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Pablo Picasso, The King of the Minotaurs (1958). Oil on canvas.

Pablo Picasso, "The King of the Minotaurs" (1958). Oil on canvas.

The other night I was at a dinner where someone suggested that, all things being equal, what ultimately makes the difference in a body of work is the character of the artist. This might fall on most ears as a wildly dicey proposition, but in the context of the conversation it seemed plausible. An artist who is capable of making hard choices and facing unpleasant truths, especially personal ones, will develop a more substantial and exacting practice than someone who possesses a similar range of intellectual and aesthetic gifts but is too narcissistic or insecure for ruthless self-criticism.

Still, the prickly issue of an artist’s character got me thinking about the tendency to regard creative personalities, especially those at an historical remove, as glamorous and forward-thinking, if not downright heroic. This doesn’t hold up under scrutiny, of course. But it does reflect a need for consensus among artists and aficionados—whose values are assaulted daily by the dominant bottom-line culture—that they are on the right side of history.

Never mind that Cezanne, the father of modern art, broke with his childhood friend, Emile Zola, over the Dreyfus case, which was the litmus test for progressive thinkers at the end of the 19th century. The paradoxes and complexities of history include the Fascist affiliations of the Futurists and Ezra Pound, as well as the reputed, though unverified, reason for Fritz Lang’s emigration to the United States—not to escape Nazi persecution, as was the case with Arnold Schoenberg, Bertolt Brecht, and countless others, but to elude a prestigious job offer from Joseph Goebbels.

Perhaps it is a throwback to the ancient belief that the inscrutable pronouncements of the oracles were the disguised prophecies of the gods, but when an artwork thrusts us into new experiential territory, we seem atavistically susceptible to the notion that it contains the spark of the divine. And what is the divine if not all-knowing, all-loving, and all-powerful? How could the vessels through which such revelations pass, to paraphrase Stravinsky’s famous remark on The Rite of Spring, be liable to the mundane corruptions of the flesh?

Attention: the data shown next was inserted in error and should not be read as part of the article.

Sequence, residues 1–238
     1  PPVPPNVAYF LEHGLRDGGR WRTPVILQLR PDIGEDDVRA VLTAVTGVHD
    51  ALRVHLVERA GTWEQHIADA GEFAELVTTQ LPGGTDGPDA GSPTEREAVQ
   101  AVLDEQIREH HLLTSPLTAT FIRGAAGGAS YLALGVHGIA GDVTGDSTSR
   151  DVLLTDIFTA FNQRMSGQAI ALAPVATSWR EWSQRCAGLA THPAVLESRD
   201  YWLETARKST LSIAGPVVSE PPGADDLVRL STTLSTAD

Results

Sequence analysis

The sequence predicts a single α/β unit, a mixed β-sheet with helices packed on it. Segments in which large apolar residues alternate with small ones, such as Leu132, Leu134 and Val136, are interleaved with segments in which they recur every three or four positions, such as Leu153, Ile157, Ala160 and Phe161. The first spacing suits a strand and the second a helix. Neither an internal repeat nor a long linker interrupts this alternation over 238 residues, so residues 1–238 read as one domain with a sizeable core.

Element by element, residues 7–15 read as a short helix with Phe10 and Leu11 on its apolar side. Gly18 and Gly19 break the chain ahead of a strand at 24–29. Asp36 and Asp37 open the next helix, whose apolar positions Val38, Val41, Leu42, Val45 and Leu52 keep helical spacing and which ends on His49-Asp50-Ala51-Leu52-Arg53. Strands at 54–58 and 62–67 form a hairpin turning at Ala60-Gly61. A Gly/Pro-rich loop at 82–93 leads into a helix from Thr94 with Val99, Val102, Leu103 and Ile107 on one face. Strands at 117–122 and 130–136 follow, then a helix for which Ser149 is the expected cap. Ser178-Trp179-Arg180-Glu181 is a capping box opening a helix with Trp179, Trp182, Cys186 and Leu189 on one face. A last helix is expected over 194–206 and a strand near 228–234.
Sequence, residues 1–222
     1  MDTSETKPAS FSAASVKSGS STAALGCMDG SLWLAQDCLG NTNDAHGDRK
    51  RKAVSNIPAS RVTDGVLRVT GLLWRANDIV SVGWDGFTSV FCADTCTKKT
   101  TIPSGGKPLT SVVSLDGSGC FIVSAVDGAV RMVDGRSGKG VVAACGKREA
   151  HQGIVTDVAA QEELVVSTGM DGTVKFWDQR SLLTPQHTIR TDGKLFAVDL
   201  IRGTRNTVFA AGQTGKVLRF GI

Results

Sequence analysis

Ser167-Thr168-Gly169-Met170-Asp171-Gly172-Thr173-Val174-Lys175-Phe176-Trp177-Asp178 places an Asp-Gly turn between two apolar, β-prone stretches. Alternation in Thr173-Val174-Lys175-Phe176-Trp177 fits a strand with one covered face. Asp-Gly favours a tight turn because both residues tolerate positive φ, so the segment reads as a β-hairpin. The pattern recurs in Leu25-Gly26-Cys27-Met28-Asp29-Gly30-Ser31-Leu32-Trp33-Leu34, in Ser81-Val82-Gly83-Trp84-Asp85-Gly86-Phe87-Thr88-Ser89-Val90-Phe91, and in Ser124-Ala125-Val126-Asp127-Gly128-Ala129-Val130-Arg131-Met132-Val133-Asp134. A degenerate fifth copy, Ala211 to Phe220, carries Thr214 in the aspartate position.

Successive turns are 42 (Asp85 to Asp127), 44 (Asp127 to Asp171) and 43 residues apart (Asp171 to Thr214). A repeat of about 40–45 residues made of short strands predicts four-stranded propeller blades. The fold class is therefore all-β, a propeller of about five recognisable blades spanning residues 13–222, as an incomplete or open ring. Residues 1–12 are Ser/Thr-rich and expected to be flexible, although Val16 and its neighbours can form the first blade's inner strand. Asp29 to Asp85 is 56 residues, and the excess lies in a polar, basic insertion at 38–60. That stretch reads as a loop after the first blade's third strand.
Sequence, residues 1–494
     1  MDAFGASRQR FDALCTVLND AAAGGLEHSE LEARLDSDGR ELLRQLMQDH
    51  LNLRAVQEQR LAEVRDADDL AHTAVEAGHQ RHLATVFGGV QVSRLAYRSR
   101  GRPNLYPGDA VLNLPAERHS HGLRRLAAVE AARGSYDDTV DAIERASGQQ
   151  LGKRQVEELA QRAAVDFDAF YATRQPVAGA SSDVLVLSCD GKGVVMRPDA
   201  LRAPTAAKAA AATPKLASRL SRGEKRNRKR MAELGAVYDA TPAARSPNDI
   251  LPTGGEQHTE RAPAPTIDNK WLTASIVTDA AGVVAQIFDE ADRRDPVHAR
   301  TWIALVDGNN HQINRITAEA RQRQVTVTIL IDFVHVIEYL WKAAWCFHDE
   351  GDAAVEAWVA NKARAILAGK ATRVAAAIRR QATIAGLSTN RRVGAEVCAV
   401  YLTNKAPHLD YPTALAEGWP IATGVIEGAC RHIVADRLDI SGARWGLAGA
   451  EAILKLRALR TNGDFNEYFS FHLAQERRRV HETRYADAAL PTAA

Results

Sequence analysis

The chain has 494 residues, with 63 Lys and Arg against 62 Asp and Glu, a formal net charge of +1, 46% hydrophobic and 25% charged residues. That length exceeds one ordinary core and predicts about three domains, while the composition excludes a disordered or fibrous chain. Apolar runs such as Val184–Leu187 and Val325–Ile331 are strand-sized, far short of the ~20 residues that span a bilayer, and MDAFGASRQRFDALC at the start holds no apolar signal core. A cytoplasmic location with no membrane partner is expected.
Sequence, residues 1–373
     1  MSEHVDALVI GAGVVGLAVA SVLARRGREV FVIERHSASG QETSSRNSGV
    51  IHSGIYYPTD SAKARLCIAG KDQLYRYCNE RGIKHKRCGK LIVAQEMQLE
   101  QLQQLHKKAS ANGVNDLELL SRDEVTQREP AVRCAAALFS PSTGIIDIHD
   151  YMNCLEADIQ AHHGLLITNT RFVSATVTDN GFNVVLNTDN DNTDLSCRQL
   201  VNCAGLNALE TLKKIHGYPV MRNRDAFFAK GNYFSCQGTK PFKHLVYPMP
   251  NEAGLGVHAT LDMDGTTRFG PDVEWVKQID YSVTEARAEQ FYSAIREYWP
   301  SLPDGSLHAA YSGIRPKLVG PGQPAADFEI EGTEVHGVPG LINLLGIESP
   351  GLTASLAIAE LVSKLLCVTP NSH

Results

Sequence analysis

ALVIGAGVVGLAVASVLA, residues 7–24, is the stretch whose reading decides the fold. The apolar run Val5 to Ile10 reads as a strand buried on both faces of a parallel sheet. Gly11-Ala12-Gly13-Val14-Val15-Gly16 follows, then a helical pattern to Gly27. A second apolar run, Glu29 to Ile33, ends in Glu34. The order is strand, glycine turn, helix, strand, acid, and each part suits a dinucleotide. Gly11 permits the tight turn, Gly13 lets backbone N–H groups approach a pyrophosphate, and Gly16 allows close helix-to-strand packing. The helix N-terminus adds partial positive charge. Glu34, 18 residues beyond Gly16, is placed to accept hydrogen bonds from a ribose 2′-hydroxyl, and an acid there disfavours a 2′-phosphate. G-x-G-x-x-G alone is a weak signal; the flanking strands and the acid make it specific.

Easily. Instead of retreating into misty, neoclassical visions of Apollo speaking through the Oracle of Delphi, maybe we should recast our imaginations to consider the influence of hallucinogenic vapors (as archeologists have recently conjectured) on the prophetic voice. Not to advocate artificial stimulants or to diminish the power of imagination, but to emphasize the bodily origins of prophecy which, like aesthetic innovation, define themselves by stepping outside the slipstream of their own time. Prophets and artists, both in the business of extracting undiscovered or unacknowledged truths, must peel away the strictures of social conventions in order to see the world anew. They are not necessarily good persons, but certainly uninhibited ones, compulsively groping through the intricacies of their own flawed humanity. This is why someone as self-contradictory as Picasso so dominated the art of the last century.

Mythology is replete with tales of those who challenged the supremacy of the gods or the limits of the human condition (Marsyas, Icarus, Prometheus) and paid a hideous price for their hubris. That is one metaphor of the artist—reaching for the heavens one moment, crashing and burning the next. Another can be found in Picasso’s innumerable images of the Minotaur, a figure who can navigate the labyrinthine passages between human aspirations and animal instincts, but only because he is himself a grotesque amalgam of man and beast. Picasso gives form to our inner monsters by calling out his own.

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